Lloyd Schwartz

Lloyd Schwartz is the classical music critic for NPR's Fresh Air with Terry Gross.

In addition to his role on Fresh Air, Schwartz is the classical music editor of The Boston Phoenix. He is the co-editor of the Library of the America's Elizabeth Bishop: Poems, Prose, and Letters. He is also the author of three volumes of poems: These People, Goodnight, Gracie and Cairo Traffic. He's the editor of the centennial edition of Elizabeth Bishop's Prose, published by Farrar, Straus, and Giroux in 2011.

In 1994, Schwartz won the Pulitzer Prize for criticism. He is the Frederick S. Troy Professor of English at the University of Massachusetts, Boston.

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Movie Reviews
8:23 am
Fri May 4, 2012

A Gershwin Biopic That Ain't Necessarily So True

George Gershwin's most famous works include Rhapsody in Blue, An American in Paris and the opera Porgy and Bess.
Warner Archives

Originally published on Fri May 4, 2012 12:58 pm

The movie Rhapsody in Blue, a biography of George Gershwin, was released only eight years after his death from a brain tumor at the age of 38. It's a good subject: Gershwin wrote some of the best popular songs ever produced in this country, but he also had ambitions to be a serious classical composer and wrote symphonic music, concertos and an opera — all of which are still performed.

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Fine Art
8:43 am
Mon December 5, 2011

At MoMA, A Look At De Kooning's Shifts In Style

Woman I (1950-52) is one of the works featured in de Kooning: A Retrospective. The exhibit is on display at the Museum of Modern Art through Jan. 9, 2012.
John Wronn Museum of Modern Art

In 2010, the Museum of Modern Art was criticized for its skimpy representation of the Dutch-American painter Willem de Kooning in its huge abstract expressionist show. The museum has now made up for that with an astounding de Kooning retrospective, the first of its kind: some 200 paintings, drawings, prints and sculptures that trace de Kooning's career beginning at age 12, when he was working for a graphic designer in his native Rotterdam and painting remarkable imitations of Cezanne, Picasso, Matisse, Miro and Gorky.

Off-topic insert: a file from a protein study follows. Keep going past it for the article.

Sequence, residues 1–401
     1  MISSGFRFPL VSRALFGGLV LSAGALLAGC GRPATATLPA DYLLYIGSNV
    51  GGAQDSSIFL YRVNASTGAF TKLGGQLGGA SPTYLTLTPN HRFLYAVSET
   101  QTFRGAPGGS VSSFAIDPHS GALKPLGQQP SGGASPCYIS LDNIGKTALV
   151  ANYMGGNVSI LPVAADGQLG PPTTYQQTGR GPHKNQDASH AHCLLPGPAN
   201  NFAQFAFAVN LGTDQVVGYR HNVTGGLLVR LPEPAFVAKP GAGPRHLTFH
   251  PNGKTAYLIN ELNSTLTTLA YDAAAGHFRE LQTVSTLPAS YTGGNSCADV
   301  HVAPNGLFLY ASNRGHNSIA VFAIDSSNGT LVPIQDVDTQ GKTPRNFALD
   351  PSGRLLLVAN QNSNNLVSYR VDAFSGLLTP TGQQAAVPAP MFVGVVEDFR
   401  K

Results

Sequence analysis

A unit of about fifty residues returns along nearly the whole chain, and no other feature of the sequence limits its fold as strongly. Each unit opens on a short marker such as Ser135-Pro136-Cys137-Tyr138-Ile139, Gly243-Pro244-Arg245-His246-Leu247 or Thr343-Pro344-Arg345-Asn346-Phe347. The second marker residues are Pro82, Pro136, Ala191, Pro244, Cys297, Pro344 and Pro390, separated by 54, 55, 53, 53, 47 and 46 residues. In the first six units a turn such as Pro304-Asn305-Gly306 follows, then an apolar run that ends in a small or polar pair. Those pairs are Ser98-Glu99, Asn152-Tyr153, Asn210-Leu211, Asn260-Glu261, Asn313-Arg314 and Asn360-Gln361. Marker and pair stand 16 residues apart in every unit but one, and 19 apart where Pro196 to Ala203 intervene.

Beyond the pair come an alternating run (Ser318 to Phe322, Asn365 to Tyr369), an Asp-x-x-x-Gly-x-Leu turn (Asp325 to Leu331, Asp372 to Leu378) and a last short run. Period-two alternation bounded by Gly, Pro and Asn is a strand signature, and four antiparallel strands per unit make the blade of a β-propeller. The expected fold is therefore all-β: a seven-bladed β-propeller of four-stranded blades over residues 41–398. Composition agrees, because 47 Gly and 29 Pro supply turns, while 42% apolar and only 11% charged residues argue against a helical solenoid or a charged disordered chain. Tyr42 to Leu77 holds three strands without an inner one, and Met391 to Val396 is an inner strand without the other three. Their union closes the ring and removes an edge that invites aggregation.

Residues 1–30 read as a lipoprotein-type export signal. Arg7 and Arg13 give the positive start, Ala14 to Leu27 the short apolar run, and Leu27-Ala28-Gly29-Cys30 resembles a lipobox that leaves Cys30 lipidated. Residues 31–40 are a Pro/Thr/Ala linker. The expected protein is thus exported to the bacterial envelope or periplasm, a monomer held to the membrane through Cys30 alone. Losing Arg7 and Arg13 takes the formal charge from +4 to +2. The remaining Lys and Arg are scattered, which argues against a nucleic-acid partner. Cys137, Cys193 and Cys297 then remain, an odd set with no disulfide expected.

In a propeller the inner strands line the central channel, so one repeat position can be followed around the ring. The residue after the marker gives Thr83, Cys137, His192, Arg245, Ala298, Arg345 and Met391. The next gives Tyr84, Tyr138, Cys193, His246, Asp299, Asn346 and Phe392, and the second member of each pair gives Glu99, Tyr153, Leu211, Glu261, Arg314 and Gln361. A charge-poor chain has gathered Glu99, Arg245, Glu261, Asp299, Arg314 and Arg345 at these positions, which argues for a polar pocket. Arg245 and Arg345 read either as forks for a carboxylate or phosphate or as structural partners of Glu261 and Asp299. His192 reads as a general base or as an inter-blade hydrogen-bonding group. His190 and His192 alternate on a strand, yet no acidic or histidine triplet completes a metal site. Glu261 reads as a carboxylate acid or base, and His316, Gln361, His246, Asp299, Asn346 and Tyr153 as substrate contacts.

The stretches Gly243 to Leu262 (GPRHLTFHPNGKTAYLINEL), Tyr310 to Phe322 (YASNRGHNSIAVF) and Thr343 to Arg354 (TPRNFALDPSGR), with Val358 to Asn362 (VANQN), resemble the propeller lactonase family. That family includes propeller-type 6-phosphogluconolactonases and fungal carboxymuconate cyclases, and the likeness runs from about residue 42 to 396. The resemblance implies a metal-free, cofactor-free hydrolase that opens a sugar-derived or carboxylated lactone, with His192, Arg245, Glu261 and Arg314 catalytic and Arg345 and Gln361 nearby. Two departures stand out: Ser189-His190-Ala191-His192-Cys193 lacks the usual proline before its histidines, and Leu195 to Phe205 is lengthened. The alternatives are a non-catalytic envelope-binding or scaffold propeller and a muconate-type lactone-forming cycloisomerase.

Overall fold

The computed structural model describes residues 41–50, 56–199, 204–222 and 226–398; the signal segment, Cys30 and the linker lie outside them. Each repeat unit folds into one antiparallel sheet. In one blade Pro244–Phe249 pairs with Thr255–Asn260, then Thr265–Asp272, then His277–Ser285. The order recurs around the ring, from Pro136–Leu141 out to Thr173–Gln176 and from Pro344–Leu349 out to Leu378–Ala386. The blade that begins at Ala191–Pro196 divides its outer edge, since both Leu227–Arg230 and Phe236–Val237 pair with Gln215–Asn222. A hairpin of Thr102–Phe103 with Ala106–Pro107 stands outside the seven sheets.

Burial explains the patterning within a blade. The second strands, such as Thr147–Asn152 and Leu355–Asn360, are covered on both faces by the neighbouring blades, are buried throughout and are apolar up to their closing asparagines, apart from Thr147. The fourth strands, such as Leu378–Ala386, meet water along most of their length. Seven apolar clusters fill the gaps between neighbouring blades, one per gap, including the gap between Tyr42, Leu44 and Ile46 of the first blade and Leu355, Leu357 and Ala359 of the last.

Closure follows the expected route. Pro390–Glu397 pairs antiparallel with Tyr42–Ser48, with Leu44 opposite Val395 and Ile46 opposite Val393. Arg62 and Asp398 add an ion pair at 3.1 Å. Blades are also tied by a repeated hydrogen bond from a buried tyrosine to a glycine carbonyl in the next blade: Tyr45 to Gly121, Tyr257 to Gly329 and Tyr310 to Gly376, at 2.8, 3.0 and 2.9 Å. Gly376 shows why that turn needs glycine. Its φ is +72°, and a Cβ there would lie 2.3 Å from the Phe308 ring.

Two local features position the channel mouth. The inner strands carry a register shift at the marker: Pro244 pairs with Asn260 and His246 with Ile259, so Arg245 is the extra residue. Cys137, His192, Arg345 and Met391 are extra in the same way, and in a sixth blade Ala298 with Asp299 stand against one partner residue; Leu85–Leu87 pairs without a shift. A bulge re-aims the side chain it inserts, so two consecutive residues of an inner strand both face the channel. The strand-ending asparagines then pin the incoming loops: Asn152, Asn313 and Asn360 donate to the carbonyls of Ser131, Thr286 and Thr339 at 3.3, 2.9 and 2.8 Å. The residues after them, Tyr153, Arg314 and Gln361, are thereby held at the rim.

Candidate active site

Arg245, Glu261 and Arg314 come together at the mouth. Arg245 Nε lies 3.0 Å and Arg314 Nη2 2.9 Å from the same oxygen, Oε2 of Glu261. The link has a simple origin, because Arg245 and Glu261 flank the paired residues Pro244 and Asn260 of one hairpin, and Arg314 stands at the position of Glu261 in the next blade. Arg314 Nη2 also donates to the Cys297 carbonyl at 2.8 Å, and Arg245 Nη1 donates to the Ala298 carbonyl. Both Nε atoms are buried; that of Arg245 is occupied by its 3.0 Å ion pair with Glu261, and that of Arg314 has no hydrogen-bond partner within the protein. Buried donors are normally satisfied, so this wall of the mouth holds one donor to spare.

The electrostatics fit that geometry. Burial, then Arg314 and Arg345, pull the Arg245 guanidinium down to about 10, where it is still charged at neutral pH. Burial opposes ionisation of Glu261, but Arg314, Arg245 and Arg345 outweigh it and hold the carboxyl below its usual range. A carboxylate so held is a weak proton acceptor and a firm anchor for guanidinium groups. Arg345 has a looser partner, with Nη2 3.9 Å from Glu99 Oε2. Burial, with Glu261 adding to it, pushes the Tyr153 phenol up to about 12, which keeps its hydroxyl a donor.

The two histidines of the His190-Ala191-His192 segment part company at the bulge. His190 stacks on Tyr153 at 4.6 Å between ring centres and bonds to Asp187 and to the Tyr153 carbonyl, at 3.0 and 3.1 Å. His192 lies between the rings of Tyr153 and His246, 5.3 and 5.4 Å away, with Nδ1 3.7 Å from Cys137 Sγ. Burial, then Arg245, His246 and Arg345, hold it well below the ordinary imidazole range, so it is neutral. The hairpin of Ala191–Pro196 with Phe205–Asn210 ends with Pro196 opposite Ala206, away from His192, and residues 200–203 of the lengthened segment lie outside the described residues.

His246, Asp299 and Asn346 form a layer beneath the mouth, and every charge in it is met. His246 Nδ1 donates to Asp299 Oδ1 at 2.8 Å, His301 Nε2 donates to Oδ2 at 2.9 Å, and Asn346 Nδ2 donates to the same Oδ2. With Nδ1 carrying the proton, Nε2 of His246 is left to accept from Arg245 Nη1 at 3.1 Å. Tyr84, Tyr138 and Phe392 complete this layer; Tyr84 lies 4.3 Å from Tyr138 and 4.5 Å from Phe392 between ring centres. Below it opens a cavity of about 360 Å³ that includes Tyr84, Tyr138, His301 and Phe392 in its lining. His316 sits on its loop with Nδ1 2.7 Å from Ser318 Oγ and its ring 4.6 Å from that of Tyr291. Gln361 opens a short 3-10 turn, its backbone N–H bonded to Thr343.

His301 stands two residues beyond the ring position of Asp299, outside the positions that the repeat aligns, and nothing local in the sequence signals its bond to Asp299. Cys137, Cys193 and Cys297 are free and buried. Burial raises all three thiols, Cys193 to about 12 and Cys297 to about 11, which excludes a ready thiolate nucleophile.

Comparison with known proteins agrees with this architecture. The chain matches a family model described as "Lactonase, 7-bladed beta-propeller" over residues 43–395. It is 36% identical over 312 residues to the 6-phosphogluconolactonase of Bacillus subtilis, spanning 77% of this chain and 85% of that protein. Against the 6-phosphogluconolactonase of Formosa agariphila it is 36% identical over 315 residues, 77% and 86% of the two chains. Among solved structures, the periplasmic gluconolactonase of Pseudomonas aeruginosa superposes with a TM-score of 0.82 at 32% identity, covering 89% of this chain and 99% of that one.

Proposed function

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Movie Reviews
7:55 am
Tue November 15, 2011

Astaire, Burns, Allen In 'Distress' In London Town

Warner Archives

Originally published on Tue November 15, 2011 8:59 am

A Damsel in Distress was the third of only four films on which George Gershwin and his brother Ira collaborated. The star is Fred Astaire, but without Ginger Rogers. Their previous film together, Shall We Dance?, also with an unforgettable Gershwin score, hadn't lived up to studio expectations, and the now-famous stars were taking a break from each other.

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Fine Art
7:59 am
Thu October 27, 2011

Degas' Nudes Depict The Awkwardness Of Real Life

Many of Degas' nudes have their backs turned to the viewer. Above, Degas' pastel work, After the Bath, Woman Drying Her Neck, 1886-95.
Photo Musee d'Orsay/rmn Museum of Fine Arts, Boston

Originally published on Mon November 21, 2011 11:32 am

The Boston Museum of Fine Arts and the Musee d'Orsay in Paris have two of the world's best collections of the work of the French postimpressionist Edgar Degas. The two museums have collaborated on an important show called Degas and the Nude, which includes pieces from major museums and private collections all over the world. Classical music critic Lloyd Schwartz, who lives in Boston, was moved by the show, which also triggered a sweet personal memory.

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Music Reviews
10:41 am
Mon August 29, 2011

Wilhelm Furtwaengler: A Complex German Conductor

German conductor and composer Wilhelm Furtwaengler.
Hulton Archive Getty Images

Originally published on Mon December 19, 2011 4:59 am

Note: Wilhelm Furtwangler's last name is typically spelled with an umlaut over the 'a' character. The npr website does not support characters with umlauts over characters. A variation of Furtwangler's name without the umlaut is spelled Furtwaengler.

Wilhelm Furtwaengler's name may be hard for Americans to pronounce, but the reason this great conductor isn't so well-remembered here is that he chose to remain in Germany during WWII, though he was never a member of the Nazi Party, and was exonerated by a postwar tribunal.

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